I took around 30 to 50 shots with my Hasselblad 503cw camera, but will only post about 9 for this web page. The destruction was bad. Real bad. A lot of the houses built in the 1970's did not do so well. The hurricane standards back then was maybe 100 mph? Harvey at it's core (eye wall area) produced 150 mph wind. You should note. There is a formula for FORCE, based on wind speed. Part of the formula the wind speed is squared, so every time you increase wind velocity the total FORCE value is increased by a factor of 4. So, a house rated at 100 mph and facing 150 mph winds would in effect be turned into tooth picks and that is what happened here.
Then you have to consider that near the eye wall there were tornados, and there is one apartment complex that was a 1970's building, and probably was hit by a tornado? It was totally destroyed as you can see in that one photo. I took more than this one but space is limited. How the sofa got out in the middle of the field I do not know. It was not put there but sucked out of a room and landed in the middle of a field. Most probably due to tornatic activity. As a side bar. That is why I am always working on my house which was built in 1973. I can tell you it could NOT withstand 150mph winds.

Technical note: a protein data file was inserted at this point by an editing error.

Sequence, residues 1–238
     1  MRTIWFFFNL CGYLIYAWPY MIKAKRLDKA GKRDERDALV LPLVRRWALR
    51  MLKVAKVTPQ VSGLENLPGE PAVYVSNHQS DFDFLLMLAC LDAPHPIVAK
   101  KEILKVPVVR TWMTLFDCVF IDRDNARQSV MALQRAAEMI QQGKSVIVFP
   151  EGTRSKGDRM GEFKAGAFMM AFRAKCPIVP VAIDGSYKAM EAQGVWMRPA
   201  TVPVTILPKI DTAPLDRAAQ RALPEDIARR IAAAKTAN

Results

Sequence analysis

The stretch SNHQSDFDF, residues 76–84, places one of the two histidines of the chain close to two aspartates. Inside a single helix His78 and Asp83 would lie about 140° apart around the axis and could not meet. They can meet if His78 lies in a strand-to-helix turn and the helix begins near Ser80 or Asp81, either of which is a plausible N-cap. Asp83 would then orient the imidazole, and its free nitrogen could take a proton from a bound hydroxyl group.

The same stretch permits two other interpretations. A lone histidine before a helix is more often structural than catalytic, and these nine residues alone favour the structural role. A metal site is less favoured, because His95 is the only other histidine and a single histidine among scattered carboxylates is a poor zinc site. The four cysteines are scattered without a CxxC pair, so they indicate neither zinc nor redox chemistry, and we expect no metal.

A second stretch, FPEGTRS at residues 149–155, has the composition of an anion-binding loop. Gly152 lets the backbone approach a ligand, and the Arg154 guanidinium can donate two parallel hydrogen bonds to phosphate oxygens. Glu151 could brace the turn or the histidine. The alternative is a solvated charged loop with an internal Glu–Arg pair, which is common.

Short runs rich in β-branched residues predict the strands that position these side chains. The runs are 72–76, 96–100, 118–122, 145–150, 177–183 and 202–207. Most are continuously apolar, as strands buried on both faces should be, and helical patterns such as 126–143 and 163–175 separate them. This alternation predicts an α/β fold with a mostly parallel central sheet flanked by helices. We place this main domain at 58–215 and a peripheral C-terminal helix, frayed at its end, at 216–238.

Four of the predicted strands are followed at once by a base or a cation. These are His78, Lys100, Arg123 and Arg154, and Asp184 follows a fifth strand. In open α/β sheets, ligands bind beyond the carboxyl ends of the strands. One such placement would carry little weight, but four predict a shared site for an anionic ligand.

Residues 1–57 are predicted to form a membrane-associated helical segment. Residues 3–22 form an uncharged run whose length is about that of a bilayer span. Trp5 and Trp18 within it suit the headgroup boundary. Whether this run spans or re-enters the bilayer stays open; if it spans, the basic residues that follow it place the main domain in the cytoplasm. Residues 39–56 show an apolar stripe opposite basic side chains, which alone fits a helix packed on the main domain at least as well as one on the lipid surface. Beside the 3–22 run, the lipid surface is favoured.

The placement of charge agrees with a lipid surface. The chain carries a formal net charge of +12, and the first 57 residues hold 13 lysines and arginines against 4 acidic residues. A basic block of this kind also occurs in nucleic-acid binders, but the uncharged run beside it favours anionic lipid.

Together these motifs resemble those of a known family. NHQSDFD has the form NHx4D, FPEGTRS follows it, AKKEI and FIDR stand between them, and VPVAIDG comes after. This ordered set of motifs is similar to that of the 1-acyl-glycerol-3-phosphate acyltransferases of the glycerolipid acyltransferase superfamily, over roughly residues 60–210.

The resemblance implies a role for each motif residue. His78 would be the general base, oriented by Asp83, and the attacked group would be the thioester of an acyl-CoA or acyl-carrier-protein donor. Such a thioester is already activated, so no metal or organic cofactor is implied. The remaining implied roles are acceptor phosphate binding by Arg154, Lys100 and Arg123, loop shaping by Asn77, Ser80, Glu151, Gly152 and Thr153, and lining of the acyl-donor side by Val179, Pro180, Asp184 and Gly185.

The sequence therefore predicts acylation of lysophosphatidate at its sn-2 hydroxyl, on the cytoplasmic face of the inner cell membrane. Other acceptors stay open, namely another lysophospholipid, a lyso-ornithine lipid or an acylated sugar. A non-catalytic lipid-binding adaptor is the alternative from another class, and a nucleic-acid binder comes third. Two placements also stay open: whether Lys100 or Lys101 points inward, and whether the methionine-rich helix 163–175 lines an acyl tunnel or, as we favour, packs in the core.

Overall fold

Anyway, the photos can be a bit depressing, or boring depending on your prespective. Boring, because I am basically taking photos of trash and garbage. Yes, true. But a month before this was someone's business or home. Now it is just garbage laying on the side of the road. You can't forget that
The laundry mat photo was the worst. It was a brick building with all the washer and dryers neatly ligned up ready to go. Until Harvey that is.
Then there is the matter of the one lone shrimp boat. Sunk with it's bow sticking out of the water. Did you know that most of the shrimp boats survived the hurricane? Why? Well the majority of the captains docked their boats with their bows into the wind. The captain of the sunk boat tied up to the dock with the starbord side (right side) broadside to the main force of the wind. The wind hammered the boat against the dock until it finally sunk. You can't fix stupid. Yes, a captain of a boat should have known that.
You may click on the photo to enlarge it. Just looking at it in these thumb nail photos does not due justice to the total destruction visited upon Rockport, Texas.